NatEx Coaches exits Eurolines
Eurolines (UK) has been wound up, and NatEx has forged new European links with French and Spanish companies
The change comes on the back of Eurolines (UK) Ltd announcing in its 2016 returns, filed in October 2017, that it would cease trading in December 2017. NatEx subsidiary Eurolines (UK) had a disastrous 2016, reporting a £566,000 loss with revenues plummeting almost 50% from £9.12m to £6.26m. In 2015, profit was £1.02m.
The problems in 2016 began with the Paris terrorist attacks, which hit all travel into the city. Eurolines (UK) saw passenger numbers crash by 25% on one of its most profitable routes. Its problems were compounded by competition, chiefly from Flixbus, which began operating from the UK in March 2016, and bought Megabus’ Anglo-European services from Stagecoach in July.
The then Managing Director, John Gilbert, resigned amicably from Eurolines (UK) at the end of 2016, while current National Express UK Coaches MD, Chris Hardy, joined the board 12 days later, together with NatEx and Airlinks Director Edward Rickard. The company employed just ten people, including the directors.
The split with Eurolines network – which has 28 member companies – at the end of 2017 came without fanfare, NatEx deciding not to tell the press unless asked the specific question. One transport pundit suggests this may have been because the deal with OUIBUS and ALSA had not been formalised.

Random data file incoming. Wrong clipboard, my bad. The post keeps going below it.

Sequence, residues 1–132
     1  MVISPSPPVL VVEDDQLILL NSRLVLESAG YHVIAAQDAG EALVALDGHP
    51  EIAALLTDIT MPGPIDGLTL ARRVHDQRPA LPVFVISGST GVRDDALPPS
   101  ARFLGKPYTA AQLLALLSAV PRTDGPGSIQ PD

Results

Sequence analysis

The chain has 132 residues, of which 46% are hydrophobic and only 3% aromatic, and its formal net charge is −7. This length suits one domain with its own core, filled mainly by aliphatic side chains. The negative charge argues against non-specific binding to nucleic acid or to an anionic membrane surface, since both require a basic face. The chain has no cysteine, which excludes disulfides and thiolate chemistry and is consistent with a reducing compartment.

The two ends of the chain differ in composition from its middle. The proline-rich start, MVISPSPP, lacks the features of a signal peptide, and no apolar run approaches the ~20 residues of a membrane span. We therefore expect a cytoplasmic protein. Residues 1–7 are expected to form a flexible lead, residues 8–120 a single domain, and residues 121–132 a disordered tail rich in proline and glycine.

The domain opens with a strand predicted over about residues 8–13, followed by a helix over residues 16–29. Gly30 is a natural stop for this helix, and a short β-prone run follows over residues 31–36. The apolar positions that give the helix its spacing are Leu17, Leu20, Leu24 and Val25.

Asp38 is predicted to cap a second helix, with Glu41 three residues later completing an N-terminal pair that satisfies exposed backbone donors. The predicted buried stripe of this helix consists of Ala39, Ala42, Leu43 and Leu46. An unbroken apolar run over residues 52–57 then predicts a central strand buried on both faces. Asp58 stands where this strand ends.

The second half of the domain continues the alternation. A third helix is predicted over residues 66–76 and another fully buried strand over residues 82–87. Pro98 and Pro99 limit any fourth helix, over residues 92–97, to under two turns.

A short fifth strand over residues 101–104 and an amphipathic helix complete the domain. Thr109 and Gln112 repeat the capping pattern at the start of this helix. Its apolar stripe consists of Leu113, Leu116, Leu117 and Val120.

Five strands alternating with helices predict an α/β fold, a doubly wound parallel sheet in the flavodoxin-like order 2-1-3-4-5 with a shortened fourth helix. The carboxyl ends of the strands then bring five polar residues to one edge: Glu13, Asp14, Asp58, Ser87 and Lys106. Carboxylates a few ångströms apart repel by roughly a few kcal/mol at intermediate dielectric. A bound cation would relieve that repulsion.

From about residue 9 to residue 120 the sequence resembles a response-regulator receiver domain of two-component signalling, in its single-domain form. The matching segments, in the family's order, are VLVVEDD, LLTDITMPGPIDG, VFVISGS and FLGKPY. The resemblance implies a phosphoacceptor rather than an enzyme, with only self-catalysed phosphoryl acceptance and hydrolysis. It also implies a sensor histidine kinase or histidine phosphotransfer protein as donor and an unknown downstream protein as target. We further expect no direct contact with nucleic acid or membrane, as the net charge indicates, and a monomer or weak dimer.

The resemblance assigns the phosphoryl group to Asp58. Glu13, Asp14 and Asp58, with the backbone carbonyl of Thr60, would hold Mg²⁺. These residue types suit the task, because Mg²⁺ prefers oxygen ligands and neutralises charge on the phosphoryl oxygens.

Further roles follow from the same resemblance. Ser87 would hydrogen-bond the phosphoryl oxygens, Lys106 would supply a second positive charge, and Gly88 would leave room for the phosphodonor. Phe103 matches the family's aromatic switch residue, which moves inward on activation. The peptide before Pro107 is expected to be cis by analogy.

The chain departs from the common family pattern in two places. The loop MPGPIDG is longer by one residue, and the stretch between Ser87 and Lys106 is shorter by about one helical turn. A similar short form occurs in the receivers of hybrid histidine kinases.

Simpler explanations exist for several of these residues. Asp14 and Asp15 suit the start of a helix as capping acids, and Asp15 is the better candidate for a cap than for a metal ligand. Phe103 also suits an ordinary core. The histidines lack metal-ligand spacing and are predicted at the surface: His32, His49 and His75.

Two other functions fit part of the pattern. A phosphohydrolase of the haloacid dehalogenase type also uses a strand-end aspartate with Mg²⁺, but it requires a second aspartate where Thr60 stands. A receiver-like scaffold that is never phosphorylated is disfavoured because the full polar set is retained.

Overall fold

In the statement from its press office, issued in December in response to queries, National Express Coaches said: “Eurolines has been a well-established brand in Europe, and part of the National Express network, for many years. However, we have taken the decision to resign from the Eurolines Organisation and its partners, as we believe there is a greater opportunity for our business outside of this partnership.” In response to B&CB enquiries it said: “We have nothing to add to this.”
ALSA, which NatEx took over in 2005, is a much bigger concern, with €731.2m (£638.7m) turnover and almost 3,000 coaches, serving Spain, Italy, France Germany and even Morocco. OUIBUS is owned by SNCF, the French state rail company, which launched its services as iDBUS in 2012, with routes closely following Eurolines’ high-volume services. It was rebranded OUIBUS in 2015.
Unlike ALSA and OUIBUS, Eurolines Organisation does not own its vehicles but contracts operators for its services. OUIBUS owns around 50 vehicles, and contracts operator Sarfa for some cross-border Spanish routes.
The Eurolines London-Paris route continues to be operated by Transdev, one of the organisation’s French partners.